Virtual reality will allow brands to actively engage the target audience in an immersive ways that have never been done before. I predict that Virtual reality will be the next significant medium to advertising and public relations, and I am not alone. Facebook acquired Oculus Rift because they too see the potential.

Virtual reality is just around the corner but there are simplified types of it like what is in the marketplace today. The most basic ways of achieving virtual reality-like effects started Google’s use of phones as a virtual reality screen. Although virtual reality is just an expensive luxury right now, in five to ten years from now it will be much cheaper and as such many people will buy it. Once virtual reality has been adopted into mainstream media, it will be a valuable medium for advertisers to use to engage the target audience. Additionally public relations professionals will be able to expand brand content.

The applications of virtual reality are endless. As I mention in one of my previous post, gamification is currently trending into mainstream education. Once virtual reality is adopted and gamification is applied, education could be revolutionized. Instead of students just learning basic things, they would be applying them in virtual simulations. Right now students go to school to take tests, but virtual reality would offer a completely new way to teach the next generations.

-Nathan

Video Games are the Future of Education

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When I was young, my teachers told me video games would rot my brain. Because I was a child and video games were just emerging, I didn’t have any proof to argue with my them, so I kept my mouth shut.

Looking back, I haven’t thought about whether or not my teachers were right or wrong until I read an article written by Jacob Kastrenakes. It stated that an educational version of Minecraft is being used in schools.  This assures me that I was right and my teachers were wrong. Now the world has reached a digital age where anything we can imagine we can make real on computers. The gamification of education is proof of this.

What is Gamification?

Gamification is the concept of applying game mechanics and game design techniques to engage and motivate people to achieve goals with non-game purposes. It exploits the basic human desire and need for gratification.

By using video games to satisfy the users impulses that revolve around the idea of Status and Achievement, educational video games can be used to teach students while maintaining their interests. Are you still confused about what exactly gamification is? Allow me to explain with Microsoft’s latest attempt to turn Minecraft into an educational program for schools.

Microsoft recently announced that it would produce an educational version of Minecraft designed to have students explore real world places like the Pyramids of Egypt. The educational version of Minecraft isn’t too different from the original, except it is designed to go along with teacher lesson plans and show real locations. Microsoft’s use of Minecraft as an educational program is only one basic example how how video games are starting to be used to teach children in school.

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Why is it important?

There is still so much educational potential in video games yet to be uncovered. Only recently have games started to teach what many consider to be complex skills. Educational games like Minecraft are limited to very young audiences, but now there are games that can even teach complex mathematical skills. If companies can continue to create games that can teach important skills and actively engage people’s interests,  the way that school systems approach education could be revolutionized.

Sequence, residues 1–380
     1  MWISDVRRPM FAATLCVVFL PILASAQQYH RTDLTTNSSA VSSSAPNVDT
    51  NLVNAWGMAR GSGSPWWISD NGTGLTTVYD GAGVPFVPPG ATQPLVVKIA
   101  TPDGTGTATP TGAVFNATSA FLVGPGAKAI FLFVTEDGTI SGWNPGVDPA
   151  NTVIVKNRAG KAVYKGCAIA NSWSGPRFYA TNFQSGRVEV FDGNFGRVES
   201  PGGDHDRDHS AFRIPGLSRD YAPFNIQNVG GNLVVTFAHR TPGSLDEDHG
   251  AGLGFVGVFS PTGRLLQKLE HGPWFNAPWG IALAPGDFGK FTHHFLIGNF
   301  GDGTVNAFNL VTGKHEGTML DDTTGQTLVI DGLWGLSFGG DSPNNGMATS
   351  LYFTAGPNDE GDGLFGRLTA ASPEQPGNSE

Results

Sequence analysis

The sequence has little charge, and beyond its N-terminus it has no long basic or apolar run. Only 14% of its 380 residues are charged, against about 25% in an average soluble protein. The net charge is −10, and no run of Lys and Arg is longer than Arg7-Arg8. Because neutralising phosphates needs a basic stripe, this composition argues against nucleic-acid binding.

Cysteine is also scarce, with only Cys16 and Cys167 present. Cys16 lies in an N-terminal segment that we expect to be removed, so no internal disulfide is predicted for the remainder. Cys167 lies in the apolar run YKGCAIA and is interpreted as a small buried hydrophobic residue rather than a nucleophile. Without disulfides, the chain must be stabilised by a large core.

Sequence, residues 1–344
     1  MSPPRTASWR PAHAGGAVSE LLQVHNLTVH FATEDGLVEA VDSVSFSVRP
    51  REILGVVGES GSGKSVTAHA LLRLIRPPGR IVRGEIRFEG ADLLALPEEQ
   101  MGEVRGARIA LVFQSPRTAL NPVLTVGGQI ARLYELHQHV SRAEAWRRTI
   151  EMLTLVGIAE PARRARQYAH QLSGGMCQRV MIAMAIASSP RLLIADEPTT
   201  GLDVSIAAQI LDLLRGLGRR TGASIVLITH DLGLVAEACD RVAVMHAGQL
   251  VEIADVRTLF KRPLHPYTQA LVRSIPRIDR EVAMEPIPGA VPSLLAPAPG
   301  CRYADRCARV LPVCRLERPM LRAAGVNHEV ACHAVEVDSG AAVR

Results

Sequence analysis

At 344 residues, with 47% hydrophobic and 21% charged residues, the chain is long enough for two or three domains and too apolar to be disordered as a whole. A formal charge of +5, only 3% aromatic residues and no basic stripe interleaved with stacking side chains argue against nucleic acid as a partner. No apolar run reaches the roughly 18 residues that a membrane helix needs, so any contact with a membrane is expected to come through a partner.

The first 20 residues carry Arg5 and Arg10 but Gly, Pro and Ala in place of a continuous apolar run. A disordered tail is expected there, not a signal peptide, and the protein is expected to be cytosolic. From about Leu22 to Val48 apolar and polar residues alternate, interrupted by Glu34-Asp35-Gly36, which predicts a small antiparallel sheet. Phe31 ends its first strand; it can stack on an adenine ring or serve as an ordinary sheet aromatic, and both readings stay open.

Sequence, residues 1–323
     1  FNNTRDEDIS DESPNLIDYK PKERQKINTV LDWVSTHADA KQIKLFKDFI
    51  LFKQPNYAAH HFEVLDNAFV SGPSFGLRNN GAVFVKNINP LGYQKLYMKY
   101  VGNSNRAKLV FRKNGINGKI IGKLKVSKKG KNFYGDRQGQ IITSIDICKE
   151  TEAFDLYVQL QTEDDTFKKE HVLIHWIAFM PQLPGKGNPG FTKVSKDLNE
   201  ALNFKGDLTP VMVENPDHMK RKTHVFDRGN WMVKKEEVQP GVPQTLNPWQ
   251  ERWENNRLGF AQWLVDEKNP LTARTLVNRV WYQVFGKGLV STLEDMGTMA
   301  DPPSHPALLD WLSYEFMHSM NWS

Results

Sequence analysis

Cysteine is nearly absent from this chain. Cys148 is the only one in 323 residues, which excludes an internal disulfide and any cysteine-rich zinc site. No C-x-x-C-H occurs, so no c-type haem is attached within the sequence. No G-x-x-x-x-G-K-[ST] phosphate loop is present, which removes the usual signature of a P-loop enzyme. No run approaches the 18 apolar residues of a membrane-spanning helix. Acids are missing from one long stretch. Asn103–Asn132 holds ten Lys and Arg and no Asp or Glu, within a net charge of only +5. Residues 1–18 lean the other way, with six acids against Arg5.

Need more proof? What if there was game that could teach you how to code while having fun? Well there is and it’s called CodeSpells. This is a game where people create a wizard and play in an online virtual world interacting with many other users. The game works by teaching people how to code in Java script to create the spells that their characters cast. This then rewards the user by making them more powerful in the game with the more they learn to code.

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As companies continue to find ways to teach educational skills through video games, public schools and universities will be pressured to use these tools to engage students in ways they interest them. Now that video games are being used in schools, what will be next? Perhaps companies with training programs will begin finding ways to use video games to train new employees.

– Nathan

Buy Buttons Will be Big for Brands

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As you may have or may not have noticed, buy buttons have invaded the Internet. Over the last year, many of the most popular social media companies have found ways to add commercial uses to their social platforms. Pinterest, Twitter, Facebook and YouTube have all added buy buttons to their websites and mobile apps. Their hope is that people will begin using their social platforms for purchasing products directly.

A new frontier is emerging, where business is integrated with social media . As a result brands and retailers will need new strategies to reach consumers in this evolving marketplace. For brands that can see the opportunity  and merge their social media platforms with commercial use, buy buttons could be the first step to getting ahead of the competition.

So, why exactly do buy buttons have so much potential? The reason is because of an explosively growing ecommerce. Over the last year, the global ecommerce has increased by over 17 percent, and is intended to skyrocket over the next few years. By 2017, ecommerce is expected to be at over $370 billion per year in revenue; it was only $220 billion in 2014. 

One significant benefit about buy buttons is the vast amount of data provided by them is easily analyzed to determine the buttons effectiveness and give data driven results. This will change the way marketers and advertisers assess the effectiveness of social media marketing. Spreadsheets can finally have dollar amounts in the “ROI” columns.

After more than six months since Pinterest first added buyable pins, reports have started to prove the effectiveness of these buttons. Early success for Pinterest has lead to an expanding number of products with buyable pins. With ecommerce becoming an exceedingly bigger market, brands who can benefit from using buy buttons on social media to sell products would be foolish not to.

So, why should your brand be using buy buttons? Because if you aren’t, you’re missing the opportunity to have your products reach your target audience directly.

– Nathan